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    An email is sent on the network in which the recipients (0,1,2,3,4,5} are in communication.
    1 can send to 4 and 2
    2 to 1,3,5
    3 to 0,2,5
    4 to 1, 5
    5 to 0,2,4
    0 to 3 and 5
    If a message is sent to 2,3,4,5 it is forwarded randomly to a neighbour (even if this means a repeat). 0 and 1 never forward messages.
    Let ek be the expected number of time that a message starting at k is passed on.
    Find e4.

    So:

    E(X) = \sum E(X|A)P(A)

    I think I need to partition this but I'm unsure on the partition.

    Let X be the number of times a message is sent on
    E(X) = E(X|1st move is to 0)P(1st move is to ) + E(X|1st move is to 1)P(1st move is to 1) + E(X|1st move is to 2)P(1st move is to 2) + E(X|1st move is to 3)P(1st move is to 3) + E(X|1st move is to 4)P(1st move is to 4) + E(X|1st move is to 5)P(1st move is to 5)

    I'm not sure how I'd work these out using a general k to start at.

    If I assume I start at 4, as I'm trying to find e4 then I get
    e4 = 0 + 1x(1/2) + 0 + 0 + e5 (1/2)
    2e4 = 1 + e5

    e5 = 1x(1/2) + 0 + e2 (1/3) + 0 + e4 (1/3)

    I don't really think I'm going about this the right way, I would have thought I need to find a formula for starting at a general k but I don't know how.
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    Are 5 and 0 considered neighbours? This will make a difference to the answer and isn't clear to me from the wording of the question.

    My first impression is that simply working out e_4 is going to be easier than trying to find e_k.

    For e_4 we have e.g.
    P(0 times forwarded)=1/2 (i.e. 4 is to forward to the neighbour 3, but 4 cannot send to 3)

    However if 4 is to forward to neighbour 5 (probability 1/2) I need to know if 0 and 5 are considered neighbours or not to continue.
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    (Original post by Kate2010)
    I don't really think I'm going about this the right way, I would have thought I need to find a formula for starting at a general k but I don't know how.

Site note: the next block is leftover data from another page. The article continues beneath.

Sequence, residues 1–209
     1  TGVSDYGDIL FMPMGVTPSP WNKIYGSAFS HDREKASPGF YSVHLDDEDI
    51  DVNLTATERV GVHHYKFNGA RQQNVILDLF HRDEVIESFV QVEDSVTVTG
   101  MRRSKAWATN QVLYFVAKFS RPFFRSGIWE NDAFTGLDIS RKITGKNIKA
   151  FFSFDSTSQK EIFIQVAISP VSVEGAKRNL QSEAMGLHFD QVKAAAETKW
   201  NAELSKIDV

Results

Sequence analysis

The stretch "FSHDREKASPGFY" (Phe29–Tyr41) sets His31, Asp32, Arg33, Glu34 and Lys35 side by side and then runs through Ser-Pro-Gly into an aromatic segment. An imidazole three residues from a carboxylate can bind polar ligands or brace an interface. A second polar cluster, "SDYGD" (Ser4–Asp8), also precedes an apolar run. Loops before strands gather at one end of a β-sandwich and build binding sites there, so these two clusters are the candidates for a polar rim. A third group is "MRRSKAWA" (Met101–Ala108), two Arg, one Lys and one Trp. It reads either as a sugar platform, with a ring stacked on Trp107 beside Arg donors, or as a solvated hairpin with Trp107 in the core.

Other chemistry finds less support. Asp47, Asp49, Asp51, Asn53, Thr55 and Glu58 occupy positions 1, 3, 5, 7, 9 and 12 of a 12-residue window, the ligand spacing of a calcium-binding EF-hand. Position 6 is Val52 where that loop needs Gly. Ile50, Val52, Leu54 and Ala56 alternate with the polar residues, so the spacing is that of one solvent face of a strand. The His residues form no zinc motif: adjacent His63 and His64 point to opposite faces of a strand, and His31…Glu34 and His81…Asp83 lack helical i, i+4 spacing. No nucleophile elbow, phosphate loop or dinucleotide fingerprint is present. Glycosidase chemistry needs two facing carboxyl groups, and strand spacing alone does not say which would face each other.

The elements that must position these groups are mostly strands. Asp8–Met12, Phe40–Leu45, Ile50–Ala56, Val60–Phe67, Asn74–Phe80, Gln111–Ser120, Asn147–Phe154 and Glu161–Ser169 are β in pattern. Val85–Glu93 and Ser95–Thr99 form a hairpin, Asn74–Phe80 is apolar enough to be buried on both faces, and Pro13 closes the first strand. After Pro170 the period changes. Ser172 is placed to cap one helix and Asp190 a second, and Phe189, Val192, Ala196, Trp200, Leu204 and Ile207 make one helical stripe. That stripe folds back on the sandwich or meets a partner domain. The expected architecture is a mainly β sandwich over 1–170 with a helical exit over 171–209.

What you're doing looks fine. You can't really expect to find a formula for 'general' k (since each state is somewhat unique in terms of which neighbours it has), but if you carry on, you'll find you get 4 linear equations relating e_2, e_3, e_4, e_5. All you have to do is solve them, which will be a bit tedious, but not too bad I think.
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    (Original post by nota bene)
    Are 5 and 0 considered neighbours? This will make a difference to the answer and isn't clear to me from the wording of the question.
    Sorry nota bene, I don't think I explained it very well. My question gives a diagram and I tried to explain it in words but the diagram goes a bit like this:

    1----2---3
    / --- / -- /
    4---5---0

    where neighbours are considered to be those connected by an edge.
    (Ignore the dashes in the middle line, I couldn't get it to space out otherwise).


    (Original post by DFranklin)
    What you're doing looks fine. You can't really expect to find a formula for 'general' k (since each state is somewhat unique in terms of which neighbours it has), but if you carry on, you'll find you get 4 linear equations relating e_2, e_3, e_4, e_5. All you have to do is solve them, which will be a bit tedious, but not too bad I think.

    Setting up a system of simultaneous equations I got e4 = 2/3 so I think I have either set it up wrong or made a slip somewhere with the calculations.

    These were my equations:

    e0 = 0
    e1 = 0
    e2 = 1 + (1/3)(e1+e3+35)
    e3 = 1 +(1/2)(e0+e2)
    e4 = 1 + (1/2)(e1+e5)
    e5= 1 + (1/3)(e0+e2+e4)
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    I certainly don't get e4 = 2/3, so I suspect you've made a calculation error. (As a matter of course you should substitute your values for e1,e2,e3,e4 into your equations to check).
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    (Original post by DFranklin)
    I certainly don't get e4 = 2/3, so I suspect you've made a calculation error. (As a matter of course you should substitute your values for e1,e2,e3,e4 into your equations to check).
    Ok I've tried it again and subbed my values in to check and I now get:
    e0 = e1 = 0, e2 = e5 = 8/3, e3 = e4 = 7/3
    Is it ok for it not to be a whole number?
    Or have I set up the equations incorrectly?
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    Yes it's fine for it not to be a whole number (and as far as I remember, those are the numbers I got).
 
 
 
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